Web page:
And that is why Liberal Scotland in Europe has put forward a motion to this autumn’s Scottish Conference which aims to keep the party’s, and Scotland’s, options open.
Other parties may only be about unionism or nationalism, but the Liberal Democrats are about more than that. Our policies are decided by the membership, and as a membership we need to live up to our radical traditions and take on the challenge of finding a creative way forward for Scotland. We want to encourage our leadership to explore all possibilities, with all parties, to pursue the best possible outcome for Scotland.
This period of political history may prove to be the most significant for our constitution in 300 of years. It is for the Scottish Liberal Democrats membership to decide what role the party will play and what route we will choose. But if we are to secure the best future for Scotland and the strongest relationship with both the UK and EU, we will need to leave no possibility unexplored.
Scottish Lib-Dem Conference – Attended by Approximately 120 Delegates
A motion was placed before the conference by MSP for Edinburgh Western, Alex Cole-Hamilton encouraging the party to:
– seek to win support for a public vote across the whole UK on the final EU deal;
– persuade the rest of the EU to be pragmatic in response to such demands;
– work with colleagues across the UK to be the UK-wide rallying point for all those who are pro-EU;
– and campaign for re-entry in the event of EU withdrawal.
The motion was carried by conference and included in the Lib-Dem party manifesto.
Paddy’s had enough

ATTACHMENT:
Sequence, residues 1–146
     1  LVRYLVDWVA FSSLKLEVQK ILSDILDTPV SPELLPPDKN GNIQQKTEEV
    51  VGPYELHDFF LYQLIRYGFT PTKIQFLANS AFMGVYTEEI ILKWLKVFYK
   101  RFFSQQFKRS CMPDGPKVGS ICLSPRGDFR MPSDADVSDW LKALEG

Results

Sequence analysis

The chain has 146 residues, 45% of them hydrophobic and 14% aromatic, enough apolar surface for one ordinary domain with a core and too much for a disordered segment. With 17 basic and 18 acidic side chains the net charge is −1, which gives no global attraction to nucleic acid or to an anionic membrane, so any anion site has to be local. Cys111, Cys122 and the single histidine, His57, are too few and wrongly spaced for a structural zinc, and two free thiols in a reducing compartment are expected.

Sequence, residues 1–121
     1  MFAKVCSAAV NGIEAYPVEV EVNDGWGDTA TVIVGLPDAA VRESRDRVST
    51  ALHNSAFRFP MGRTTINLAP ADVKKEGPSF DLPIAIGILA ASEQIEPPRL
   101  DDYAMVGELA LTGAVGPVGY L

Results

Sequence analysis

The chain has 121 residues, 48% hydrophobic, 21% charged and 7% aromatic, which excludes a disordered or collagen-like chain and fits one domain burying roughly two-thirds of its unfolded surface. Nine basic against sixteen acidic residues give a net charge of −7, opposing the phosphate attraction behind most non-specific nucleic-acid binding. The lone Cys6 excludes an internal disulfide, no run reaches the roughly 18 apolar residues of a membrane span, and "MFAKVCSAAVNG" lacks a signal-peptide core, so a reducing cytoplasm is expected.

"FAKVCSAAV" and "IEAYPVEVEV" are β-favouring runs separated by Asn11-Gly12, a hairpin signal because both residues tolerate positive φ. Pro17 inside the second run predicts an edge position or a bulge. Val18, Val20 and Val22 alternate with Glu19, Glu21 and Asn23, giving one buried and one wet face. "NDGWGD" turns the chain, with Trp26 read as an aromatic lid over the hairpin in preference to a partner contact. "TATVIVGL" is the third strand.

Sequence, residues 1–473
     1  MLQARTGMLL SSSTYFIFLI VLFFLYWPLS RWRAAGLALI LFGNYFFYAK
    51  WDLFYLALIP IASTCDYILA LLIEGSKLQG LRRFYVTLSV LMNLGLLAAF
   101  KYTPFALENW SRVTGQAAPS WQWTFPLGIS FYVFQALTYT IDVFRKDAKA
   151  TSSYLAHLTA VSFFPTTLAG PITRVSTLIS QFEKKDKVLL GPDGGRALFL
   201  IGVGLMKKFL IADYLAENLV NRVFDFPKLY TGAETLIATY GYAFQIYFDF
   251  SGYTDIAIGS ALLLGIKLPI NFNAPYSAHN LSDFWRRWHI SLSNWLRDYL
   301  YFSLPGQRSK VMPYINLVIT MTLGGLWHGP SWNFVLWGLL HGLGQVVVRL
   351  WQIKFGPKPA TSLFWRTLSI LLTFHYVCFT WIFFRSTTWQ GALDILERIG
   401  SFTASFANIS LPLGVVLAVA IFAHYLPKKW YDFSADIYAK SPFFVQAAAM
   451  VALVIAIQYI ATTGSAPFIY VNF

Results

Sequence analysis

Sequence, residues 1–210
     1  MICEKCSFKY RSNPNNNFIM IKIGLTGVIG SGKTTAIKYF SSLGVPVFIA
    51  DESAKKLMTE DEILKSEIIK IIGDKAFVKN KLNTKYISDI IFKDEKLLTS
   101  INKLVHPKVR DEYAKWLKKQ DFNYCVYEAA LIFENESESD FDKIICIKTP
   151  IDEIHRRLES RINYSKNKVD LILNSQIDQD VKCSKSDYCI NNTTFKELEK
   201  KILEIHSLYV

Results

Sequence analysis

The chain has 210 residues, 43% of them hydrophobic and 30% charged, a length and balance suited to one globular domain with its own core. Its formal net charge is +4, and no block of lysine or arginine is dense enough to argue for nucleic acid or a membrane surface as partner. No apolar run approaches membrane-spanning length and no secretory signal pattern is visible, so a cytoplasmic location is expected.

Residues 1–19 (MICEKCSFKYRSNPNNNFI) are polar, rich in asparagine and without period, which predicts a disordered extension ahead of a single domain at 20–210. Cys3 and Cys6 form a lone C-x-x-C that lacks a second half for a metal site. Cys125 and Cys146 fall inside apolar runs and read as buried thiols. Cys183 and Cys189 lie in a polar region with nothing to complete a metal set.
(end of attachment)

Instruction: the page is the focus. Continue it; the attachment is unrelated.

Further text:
But the inclusion of the policy was in direct contravention of party rules which require that policy is decided by all party members.
It was evident, at the meeting held not long after the EU referendum that a majority of the Lib-Dem membership favoured adoption of the SNP policy but this was deprecated by Rennie and his boss in England.
Hence the backdoor conference motion bypassing the party membership. So much for party democracy
Many years ago I used to travel by rail, on a Friday (late night train) between London and Scotland. I was allowed a first class ticket on the only such carriage on the train. One journey stands out.
Charles Kennedy and a minder shared a table with me. Initially he was very quiet taking up his time studying thick tomes of correspondence. After a hour or so he folded his paperwork and secured it in his briefcase.
I carried on reading my novel “Operation Barbarossa”. He leaned towards me and said, “Glasgow is it”? I put down my book and confirmed my nationality.
We shared a dram or two and a longish conversation covering just about all aspects of life on the planet earth, including Iraq. I was struck by his ability to explain complicated matters in very simple terms and was persuaded to give my vote to his party at the next election. Was I easily won over? Not at all. He believed in what he said and I believed in him.
Addressing the predicament the Lib-Dem party is in over the matter of another Independence referendum I would commend Charles Kennedy’s address to the party in 2013 ( view the video). I believe it was one of his best. Willie Rennie would be best guided guided by Charles Kennedy.
The Conference at which the manifesto was decided